by Allen Say
Published in 2011 by Scholastic Inc.
In short, I LOVED this book!
It’s a picture book, soft cover, slightly narrower and shorter than an A4 size. And it’s probably meant to be a read-to-your-child type book. Let me say here that I prefer soft covers because they’re so much easier to handle, though a hard cover would probably be costlier to produce and therefore cost more, bringing more profit to the publisher.
But I digress.
Why did I like it? Oh, so many reasons.
First, it was a memoir. I absolutely love memoirs. I find memoirs so much more fascinating than fiction, probably because the plot of a memoir is written by God (or destiny, depending on your belief), and contains some divinely inspired theme and lessons. Whereas the plot of a novel is usually crafted in the mind of a human, even if the author drew examples from real life.
Secondly, the illustrations were a mixture of realistic watercolors, sketches, comics, photographs, and charcoal/pencil drawings. There was even a Chinese style calligraphy of the author’s Japanese name. Why was this was so joyful for me? Well, let me explain. I’ve been working on several different books, each on a different aspect of my autobiography. I have already drafted the earliest part, tentatively entitled Life of a Rooster, but I envision it as a picture book. I mean a thick book of 100-300 pages, but with illustrations on every page. Some would be sketches, some would be photos, and some would be realistic watercolors. So, you see, this is a thinner version of my book with just 63 pages. Someone else realized the same concept! and won a Caldecott medal in the process!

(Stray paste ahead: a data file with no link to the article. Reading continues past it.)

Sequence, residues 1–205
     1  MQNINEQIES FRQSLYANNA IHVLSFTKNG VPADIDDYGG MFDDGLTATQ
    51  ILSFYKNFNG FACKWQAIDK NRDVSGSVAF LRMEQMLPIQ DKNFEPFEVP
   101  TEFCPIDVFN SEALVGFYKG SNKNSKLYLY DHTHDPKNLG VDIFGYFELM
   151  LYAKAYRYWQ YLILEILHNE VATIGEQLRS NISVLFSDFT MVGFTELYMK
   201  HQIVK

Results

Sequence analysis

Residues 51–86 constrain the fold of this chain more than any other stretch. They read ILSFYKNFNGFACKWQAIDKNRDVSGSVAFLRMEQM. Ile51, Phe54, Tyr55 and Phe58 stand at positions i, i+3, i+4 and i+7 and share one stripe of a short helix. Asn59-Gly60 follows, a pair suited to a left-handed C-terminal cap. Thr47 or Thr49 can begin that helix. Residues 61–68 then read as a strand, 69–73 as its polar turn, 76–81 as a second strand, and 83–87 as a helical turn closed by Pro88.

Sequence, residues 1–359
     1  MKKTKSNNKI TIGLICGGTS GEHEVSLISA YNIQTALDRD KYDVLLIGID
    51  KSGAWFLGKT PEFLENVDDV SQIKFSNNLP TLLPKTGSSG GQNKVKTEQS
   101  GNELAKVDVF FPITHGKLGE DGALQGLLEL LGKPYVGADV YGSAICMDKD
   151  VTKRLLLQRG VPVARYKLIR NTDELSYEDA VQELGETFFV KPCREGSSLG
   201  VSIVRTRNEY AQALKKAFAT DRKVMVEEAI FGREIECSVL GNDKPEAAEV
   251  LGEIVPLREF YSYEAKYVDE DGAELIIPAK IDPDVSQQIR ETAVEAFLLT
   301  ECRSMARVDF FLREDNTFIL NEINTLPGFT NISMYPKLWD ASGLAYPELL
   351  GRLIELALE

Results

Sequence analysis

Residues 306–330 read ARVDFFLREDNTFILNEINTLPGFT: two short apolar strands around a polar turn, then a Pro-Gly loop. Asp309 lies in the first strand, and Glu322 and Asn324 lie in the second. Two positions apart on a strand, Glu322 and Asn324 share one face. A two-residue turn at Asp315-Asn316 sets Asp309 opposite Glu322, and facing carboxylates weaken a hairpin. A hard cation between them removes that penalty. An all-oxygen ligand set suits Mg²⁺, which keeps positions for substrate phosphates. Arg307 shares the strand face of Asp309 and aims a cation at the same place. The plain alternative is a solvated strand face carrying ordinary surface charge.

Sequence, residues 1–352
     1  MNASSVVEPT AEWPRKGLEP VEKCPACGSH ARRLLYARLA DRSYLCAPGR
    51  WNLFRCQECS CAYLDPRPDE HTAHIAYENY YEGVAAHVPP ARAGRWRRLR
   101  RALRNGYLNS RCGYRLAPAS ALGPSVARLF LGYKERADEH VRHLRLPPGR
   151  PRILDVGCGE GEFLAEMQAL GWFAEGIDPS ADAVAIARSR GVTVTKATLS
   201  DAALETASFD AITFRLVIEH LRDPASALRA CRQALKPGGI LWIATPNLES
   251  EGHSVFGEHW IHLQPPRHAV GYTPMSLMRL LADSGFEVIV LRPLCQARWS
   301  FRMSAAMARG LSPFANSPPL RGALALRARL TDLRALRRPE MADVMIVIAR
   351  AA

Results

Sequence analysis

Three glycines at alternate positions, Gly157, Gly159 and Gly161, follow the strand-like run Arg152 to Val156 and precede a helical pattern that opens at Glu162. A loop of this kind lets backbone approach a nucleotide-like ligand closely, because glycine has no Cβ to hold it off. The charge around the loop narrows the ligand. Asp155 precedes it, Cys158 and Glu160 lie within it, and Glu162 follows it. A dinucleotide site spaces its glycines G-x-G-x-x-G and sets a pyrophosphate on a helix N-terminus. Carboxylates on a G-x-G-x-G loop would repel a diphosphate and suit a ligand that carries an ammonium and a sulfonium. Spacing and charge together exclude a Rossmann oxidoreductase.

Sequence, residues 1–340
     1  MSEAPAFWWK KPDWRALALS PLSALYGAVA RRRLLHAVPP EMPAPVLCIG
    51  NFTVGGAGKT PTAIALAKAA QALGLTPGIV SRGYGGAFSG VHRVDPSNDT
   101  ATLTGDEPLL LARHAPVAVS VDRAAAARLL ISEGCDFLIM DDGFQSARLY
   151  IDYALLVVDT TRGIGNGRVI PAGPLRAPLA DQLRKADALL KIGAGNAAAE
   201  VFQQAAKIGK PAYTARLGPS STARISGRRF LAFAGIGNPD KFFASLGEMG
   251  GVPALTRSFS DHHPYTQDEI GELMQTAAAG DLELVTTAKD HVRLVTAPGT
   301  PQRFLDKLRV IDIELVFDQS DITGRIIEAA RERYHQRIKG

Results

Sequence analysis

Thirdly, this memoir celebrated the success of determination and joy of living.
It’s the story of the author’s childhood and youth in Japan up till the day he left for the United States. Allen Say is both the author and the illustrator of this book though in his childhood he just wanted to be able to draw comics. Despite his parents’ and grandmother’s negative attitude towards his drawings, despite their divorce and his moving around, he kept on drawing. By the time he was the ripe old age of 13, he was sent to live by himself so he could attend middle school.
This made me tear up. All by himself? My own parents sent my sister and me back to Paris when I was 11 to live with my aunt and her family, also for the sake of education. Though I was in the middle of a loving family, I felt lonesome and rejected by my parents. I cannot imagine how this young boy felt then.
He describes his feelings as freedom at last. He could now draw as much as he wanted!
Next is something I would never ever have had the guts to do at age 13. He went to the studio of a famous cartoonist that he admired and asked to become his apprentice / assistant. And even more surprisingly, he was accepted.
The cartoons threading the story through the book are in the clean realistic style similar to the Tintin books I grew up on. Larger scale events depicted are given dramatic space. For example, the drawing of a anti-government demonstration he got engulfed in one day takes up the entire page. The police force that stood waiting for them were grimly depicted in black and white on the entire next page.
By the time he was 15, his father suddenly decided to include him in his new family and asked whether he would join him and emigrate to the United States. He ends the book with a five-page “Author’s Note” describing his return to Japan many years later to visit his old mentor.
It’s a very moving memoir. I enjoyed and admired the illustrations over and over again. But most of all, I feel now vindicated. My idea about how to present my childhood story is not so silly after all. If someone else did it, I can do it too.